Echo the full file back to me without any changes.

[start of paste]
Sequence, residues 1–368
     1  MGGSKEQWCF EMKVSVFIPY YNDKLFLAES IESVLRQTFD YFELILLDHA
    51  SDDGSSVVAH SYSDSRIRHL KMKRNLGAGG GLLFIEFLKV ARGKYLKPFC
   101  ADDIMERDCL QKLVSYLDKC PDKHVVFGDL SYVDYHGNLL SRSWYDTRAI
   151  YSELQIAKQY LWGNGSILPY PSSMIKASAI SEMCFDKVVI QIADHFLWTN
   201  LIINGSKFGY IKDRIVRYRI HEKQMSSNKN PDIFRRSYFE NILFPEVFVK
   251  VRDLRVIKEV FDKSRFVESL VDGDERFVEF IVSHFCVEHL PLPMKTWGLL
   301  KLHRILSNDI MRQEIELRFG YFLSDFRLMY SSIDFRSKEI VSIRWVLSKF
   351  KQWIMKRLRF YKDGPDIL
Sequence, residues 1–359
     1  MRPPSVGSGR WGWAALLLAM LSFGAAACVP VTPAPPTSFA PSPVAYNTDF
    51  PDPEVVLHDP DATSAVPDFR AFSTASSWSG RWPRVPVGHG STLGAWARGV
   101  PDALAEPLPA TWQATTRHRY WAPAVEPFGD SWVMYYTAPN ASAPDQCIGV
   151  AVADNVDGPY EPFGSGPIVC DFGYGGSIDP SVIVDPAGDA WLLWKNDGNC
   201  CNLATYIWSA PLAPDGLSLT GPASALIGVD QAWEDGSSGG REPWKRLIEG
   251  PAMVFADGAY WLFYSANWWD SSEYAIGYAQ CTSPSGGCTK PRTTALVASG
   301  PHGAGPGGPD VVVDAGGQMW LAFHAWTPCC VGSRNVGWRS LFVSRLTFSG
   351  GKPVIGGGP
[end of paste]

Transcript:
Sequence, residues 1–368
     1  MGGSKEQWCF EMKVSVFIPY YNDKLFLAES IESVLRQTFD YFELILLDHA
    51  SDDGSSVVAH SYSDSRIRHL KMKRNLGAGG GLLFIEFLKV ARGKYLKPFC
   101  ADDIMERDCL QKLVSYLDKC PDKHVVFGDL SYVDYHGNLL SRSWYDTRAI
   151  YSELQIAKQY LWGNGSILPY PSSMIKASAI SEMCFDKVVI QIADHFLWTN
   201  LIINGSKFGY IKDRIVRYRI HEKQMSSNKN PDIFRRSYFE NILFPEVFVK
   251  VRDLRVIKEV FDKSRFVESL VDGDERFVEF IVSHFCVEHL PLPMKTWGLL
   301  KLHRILSNDI MRQEIELRFG YFLSDFRLMY SSIDFRSKEI VSIRWVLSKF
   351  KQWIMKRLRF YKDGPDIL
Sequence, residues 1–359
     1  MRPPSVGSGR WGWAALLLAM LSFGAAACVP VTPAPPTSFA PSPVAYNTDF
    51  PDPEVVLHDP DATSAVPDFR AFSTASSWSG RWPRVPVGHG STLGAWARGV
   101  PDALAEPLPA TWQATTRHRY WAPAVEPFGD SWVMYYTAPN ASAPDQCIGV
   151  AVADNVDGPY EPFGSGPIVC DFGYGGSIDP SVIVDPAGDA WLLWKNDGNC
   201  CNLATYIWSA PLAPDGLSLT GPASALIGVD QAWEDGSSGG REPWKRLIEG
   251  PAMVFADGAY WLFYSANWWD SSEYAIGYAQ CTSPSGGCTK PRTTALVASG
   301  PHGAGPGGPD VVVDAGGQMW LAFHAWTPCC VGSRNVGWRS LFVSRLTFSG
   351  GKPVIGGGP